Self-publishing is more affordable now, which means more people will do it than ever before. So when you pick up a self-published book at the bookstore, the question becomes, "if this book couldn't get published with a major publisher, why not? Wasn't it good enough?" And sadly, the answer 95% of the time is no. Why? Because writing, as opposed to filmmaking, is a solitary endeavor where reams of words can be strung together without anyone to sift and hone the material. By contrast, filmmaking must pass a series of gatekeepers before getting produced and distributed. For all the drawbacks of a film having "too many chefs", really bad films don't usually get produced because most people don't want to flush their money down the toilet. Even so, anyone can self-publish, and anyone does.
How, then, can you not be just anyone? In my opinion, self-publishing can work—even start careers—if certain conditions are met:
- The content should be marketable to a certain audience. If it's a fairy story for the children of hippie parents, your market might be smallish, so be clear about how many people might want to buy what you're creating.
- Do not be your own editor. Unless you know what a dangling modifier is, and when to use the subjunctive mood, let someone else proof your typos and improper language. More importantly, everyone needs someone else to read the words: the trick is finding that right person. (Some will have a great eye for what sells, while others may focus less on what is marketable and more on getting the message exactly so.)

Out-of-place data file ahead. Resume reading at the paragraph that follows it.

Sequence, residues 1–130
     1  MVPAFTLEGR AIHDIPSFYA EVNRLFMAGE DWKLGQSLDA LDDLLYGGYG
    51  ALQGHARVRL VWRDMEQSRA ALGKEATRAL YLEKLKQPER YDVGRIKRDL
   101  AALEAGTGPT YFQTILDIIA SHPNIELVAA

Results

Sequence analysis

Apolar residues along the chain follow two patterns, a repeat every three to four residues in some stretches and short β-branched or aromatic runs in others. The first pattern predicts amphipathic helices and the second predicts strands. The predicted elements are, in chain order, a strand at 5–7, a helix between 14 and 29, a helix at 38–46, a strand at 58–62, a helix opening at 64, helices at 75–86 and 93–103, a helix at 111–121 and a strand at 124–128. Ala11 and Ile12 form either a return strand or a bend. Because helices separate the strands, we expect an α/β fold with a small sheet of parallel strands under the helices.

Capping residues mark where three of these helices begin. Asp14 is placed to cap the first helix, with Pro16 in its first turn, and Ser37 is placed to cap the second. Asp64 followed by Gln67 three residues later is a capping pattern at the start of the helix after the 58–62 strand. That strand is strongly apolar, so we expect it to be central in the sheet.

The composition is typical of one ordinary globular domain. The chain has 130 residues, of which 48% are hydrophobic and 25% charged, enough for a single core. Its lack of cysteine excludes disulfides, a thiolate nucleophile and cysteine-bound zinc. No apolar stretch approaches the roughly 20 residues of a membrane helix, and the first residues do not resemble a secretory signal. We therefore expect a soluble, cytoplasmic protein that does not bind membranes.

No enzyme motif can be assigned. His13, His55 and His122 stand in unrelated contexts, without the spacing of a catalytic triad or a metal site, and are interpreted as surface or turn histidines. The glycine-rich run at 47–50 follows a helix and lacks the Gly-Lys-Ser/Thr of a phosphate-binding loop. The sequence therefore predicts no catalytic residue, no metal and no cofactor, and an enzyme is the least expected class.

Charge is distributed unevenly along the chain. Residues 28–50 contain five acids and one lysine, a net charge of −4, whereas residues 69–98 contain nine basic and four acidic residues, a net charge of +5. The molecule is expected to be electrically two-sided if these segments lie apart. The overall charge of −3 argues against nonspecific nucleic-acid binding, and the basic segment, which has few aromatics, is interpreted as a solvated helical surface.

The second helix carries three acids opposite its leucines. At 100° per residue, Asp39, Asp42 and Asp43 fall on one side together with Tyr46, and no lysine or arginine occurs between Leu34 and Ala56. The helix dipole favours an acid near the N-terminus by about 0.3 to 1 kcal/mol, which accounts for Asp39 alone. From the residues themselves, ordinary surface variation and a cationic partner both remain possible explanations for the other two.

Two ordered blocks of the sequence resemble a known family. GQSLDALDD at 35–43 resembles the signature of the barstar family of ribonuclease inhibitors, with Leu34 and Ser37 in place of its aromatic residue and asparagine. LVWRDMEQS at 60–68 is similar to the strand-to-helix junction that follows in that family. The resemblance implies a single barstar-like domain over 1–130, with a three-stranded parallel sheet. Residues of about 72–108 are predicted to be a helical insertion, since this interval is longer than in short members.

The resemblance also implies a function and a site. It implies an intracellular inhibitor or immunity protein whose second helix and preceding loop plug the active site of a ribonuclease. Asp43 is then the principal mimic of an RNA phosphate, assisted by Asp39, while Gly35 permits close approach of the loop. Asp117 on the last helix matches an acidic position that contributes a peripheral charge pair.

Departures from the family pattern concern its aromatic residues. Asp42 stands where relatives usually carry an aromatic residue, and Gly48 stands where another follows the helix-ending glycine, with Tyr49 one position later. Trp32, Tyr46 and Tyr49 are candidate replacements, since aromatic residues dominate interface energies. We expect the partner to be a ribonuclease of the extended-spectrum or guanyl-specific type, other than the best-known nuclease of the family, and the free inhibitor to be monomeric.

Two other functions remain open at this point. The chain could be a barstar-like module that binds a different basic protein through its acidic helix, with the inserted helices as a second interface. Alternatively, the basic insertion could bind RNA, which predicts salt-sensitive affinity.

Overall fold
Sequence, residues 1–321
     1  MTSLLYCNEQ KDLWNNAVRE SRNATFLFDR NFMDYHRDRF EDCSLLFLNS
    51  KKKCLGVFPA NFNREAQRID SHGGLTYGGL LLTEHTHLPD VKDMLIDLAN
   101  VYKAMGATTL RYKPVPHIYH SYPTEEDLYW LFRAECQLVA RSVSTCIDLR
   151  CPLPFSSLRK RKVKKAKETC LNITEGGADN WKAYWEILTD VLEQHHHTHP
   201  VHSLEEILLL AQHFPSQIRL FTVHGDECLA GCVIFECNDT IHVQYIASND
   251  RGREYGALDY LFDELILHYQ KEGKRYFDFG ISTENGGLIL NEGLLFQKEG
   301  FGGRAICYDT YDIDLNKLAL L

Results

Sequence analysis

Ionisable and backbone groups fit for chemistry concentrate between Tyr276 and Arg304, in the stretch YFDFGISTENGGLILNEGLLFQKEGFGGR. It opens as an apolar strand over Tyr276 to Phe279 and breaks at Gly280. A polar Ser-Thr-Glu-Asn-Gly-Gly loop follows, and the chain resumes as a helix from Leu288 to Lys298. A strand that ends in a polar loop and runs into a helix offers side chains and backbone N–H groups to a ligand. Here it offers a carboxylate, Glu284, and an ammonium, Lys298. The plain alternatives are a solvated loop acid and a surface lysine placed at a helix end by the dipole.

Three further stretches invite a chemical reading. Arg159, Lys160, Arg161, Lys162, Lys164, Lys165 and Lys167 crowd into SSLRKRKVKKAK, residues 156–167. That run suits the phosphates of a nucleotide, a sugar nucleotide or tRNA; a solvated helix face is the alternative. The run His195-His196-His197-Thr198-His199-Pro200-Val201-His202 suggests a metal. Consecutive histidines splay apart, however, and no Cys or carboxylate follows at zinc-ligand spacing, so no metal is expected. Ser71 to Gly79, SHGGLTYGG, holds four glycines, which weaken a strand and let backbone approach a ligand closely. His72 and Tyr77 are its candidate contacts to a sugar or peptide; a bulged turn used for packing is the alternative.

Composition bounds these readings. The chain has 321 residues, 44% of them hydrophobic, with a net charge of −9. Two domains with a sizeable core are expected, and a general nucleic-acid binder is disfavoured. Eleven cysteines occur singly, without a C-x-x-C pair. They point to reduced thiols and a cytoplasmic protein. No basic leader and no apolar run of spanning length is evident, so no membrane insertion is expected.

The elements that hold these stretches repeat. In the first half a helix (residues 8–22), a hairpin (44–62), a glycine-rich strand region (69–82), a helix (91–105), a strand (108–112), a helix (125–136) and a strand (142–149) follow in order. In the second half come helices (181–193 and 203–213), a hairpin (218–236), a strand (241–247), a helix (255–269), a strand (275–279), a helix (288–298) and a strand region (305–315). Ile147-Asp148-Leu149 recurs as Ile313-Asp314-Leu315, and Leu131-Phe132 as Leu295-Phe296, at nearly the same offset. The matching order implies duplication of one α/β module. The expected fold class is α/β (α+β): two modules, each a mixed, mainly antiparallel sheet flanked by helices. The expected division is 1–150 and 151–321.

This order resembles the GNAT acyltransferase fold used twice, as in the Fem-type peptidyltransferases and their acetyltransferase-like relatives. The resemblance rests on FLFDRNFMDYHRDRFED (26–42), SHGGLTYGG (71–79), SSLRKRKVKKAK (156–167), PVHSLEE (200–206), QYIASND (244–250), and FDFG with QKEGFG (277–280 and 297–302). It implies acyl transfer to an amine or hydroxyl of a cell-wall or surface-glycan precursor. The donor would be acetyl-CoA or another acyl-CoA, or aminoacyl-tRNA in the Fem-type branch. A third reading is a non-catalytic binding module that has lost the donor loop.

- Make the book's design look exceptional. If you have to, get a designer or typesetter to lay out your book. See my other blog post about this.
- Make the book look exactly like a major publisher's book. Use a bar code, ISBN number, table of contents, index, etc. Give the reader no reason to doubt that you have a employee roster of thousands.
- Test your market and eliminate your overhead by doing a first run with a POD (print on demand) publisher. Lulu.com allows you to upload your book so you only get money when people buy. However, in exchange for you not having any monetary risk, lulu.com also keeps a steep chunk of the profits.
- If you're willing to store and ship books, order in bulk from a regular printer: (a) Print 10,000 books for $10,000. (b) Sell them for $15 each. (c) Break even after selling only 667 books—everything else you sell is profit... which could be as much as $140,000.
- Publish a 2nd edition with a big publisher. If your book becomes wildly popular and you'd like to establish some legitimacy by landing a contract with a known publisher like Random House, send them a copy of your newly printed book. Rather than approaching them as a struggling newbie, you're already a published author giving them an option to print a second edition. Plus, since you're already published, what more can they offer you that you don't already have? Yep. Mo-nay.
- UPDATE: With the quick rise in popularity of eBooks, publishing strategy has a step predating print book publishing—publish an eBook first, or at the same time you publish a hard copy. Read J.A. Konrath's blog about Ebook Pricing, and why/how Konrath makes more money on eBooks than print books.
Here's a final calculation for you: 300 page book * 400 words/page = 120,000 words. Sound like a lot? It's not, really. Remember in college how they'd assign 5,000 word essays every two weeks? If you laid a year's worth of those essays back to back, you'd have about 120,000 words.